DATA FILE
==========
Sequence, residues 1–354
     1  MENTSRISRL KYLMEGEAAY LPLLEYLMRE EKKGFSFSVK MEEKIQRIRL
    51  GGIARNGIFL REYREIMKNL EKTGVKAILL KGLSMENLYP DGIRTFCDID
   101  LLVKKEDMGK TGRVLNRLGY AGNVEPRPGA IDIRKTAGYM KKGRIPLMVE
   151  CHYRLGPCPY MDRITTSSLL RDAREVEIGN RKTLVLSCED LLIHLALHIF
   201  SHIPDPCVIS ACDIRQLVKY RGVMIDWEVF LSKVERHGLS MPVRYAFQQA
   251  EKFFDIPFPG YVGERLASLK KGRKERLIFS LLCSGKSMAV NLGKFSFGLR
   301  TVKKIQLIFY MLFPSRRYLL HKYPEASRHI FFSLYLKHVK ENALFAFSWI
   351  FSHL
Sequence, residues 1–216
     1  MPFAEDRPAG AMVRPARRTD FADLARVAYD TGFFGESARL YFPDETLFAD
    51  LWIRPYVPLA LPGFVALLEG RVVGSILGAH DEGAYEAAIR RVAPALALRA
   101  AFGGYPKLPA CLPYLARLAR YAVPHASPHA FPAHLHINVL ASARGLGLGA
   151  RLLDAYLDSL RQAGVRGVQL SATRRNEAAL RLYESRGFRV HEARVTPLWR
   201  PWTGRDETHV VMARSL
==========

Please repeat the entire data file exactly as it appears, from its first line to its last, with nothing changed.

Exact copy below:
Sequence, residues 1–354
     1  MENTSRISRL KYLMEGEAAY LPLLEYLMRE EKKGFSFSVK MEEKIQRIRL
    51  GGIARNGIFL REYREIMKNL EKTGVKAILL KGLSMENLYP DGIRTFCDID
   101  LLVKKEDMGK TGRVLNRLGY AGNVEPRPGA IDIRKTAGYM KKGRIPLMVE
   151  CHYRLGPCPY MDRITTSSLL RDAREVEIGN RKTLVLSCED LLIHLALHIF
   201  SHIPDPCVIS ACDIRQLVKY RGVMIDWEVF LSKVERHGLS MPVRYAFQQA
   251  EKFFDIPFPG YVGERLASLK KGRKERLIFS LLCSGKSMAV NLGKFSFGLR
   301  TVKKIQLIFY MLFPSRRYLL HKYPEASRHI FFSLYLKHVK ENALFAFSWI
   351  FSHL
Sequence, residues 1–216
     1  MPFAEDRPAG AMVRPARRTD FADLARVAYD TGFFGESARL YFPDETLFAD
    51  LWIRPYVPLA LPGFVALLEG RVVGSILGAH DEGAYEAAIR RVAPALALRA
   101  AFGGYPKLPA CLPYLARLAR YAVPHASPHA FPAHLHINVL ASARGLGLGA
   151  RLLDAYLDSL RQAGVRGVQL SATRRNEAAL RLYESRGFRV HEARVTPLWR
   201  PWTGRDETHV VMARSL